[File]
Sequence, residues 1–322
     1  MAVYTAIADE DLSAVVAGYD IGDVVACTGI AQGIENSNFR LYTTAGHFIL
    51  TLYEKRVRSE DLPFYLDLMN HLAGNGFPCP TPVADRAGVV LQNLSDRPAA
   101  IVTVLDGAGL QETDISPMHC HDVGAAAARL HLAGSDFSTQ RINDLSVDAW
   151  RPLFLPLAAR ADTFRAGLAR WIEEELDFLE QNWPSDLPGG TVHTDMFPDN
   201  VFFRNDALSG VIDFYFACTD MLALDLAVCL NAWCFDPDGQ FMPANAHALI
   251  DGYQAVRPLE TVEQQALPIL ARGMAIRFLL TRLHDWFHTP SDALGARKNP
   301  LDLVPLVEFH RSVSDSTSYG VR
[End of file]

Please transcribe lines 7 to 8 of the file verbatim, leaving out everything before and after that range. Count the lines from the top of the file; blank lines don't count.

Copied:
   251  DGYQAVRPLE TVEQQALPIL ARGMAIRFLL TRLHDWFHTP SDALGARKNP
   301  LDLVPLVEFH RSVSDSTSYG VR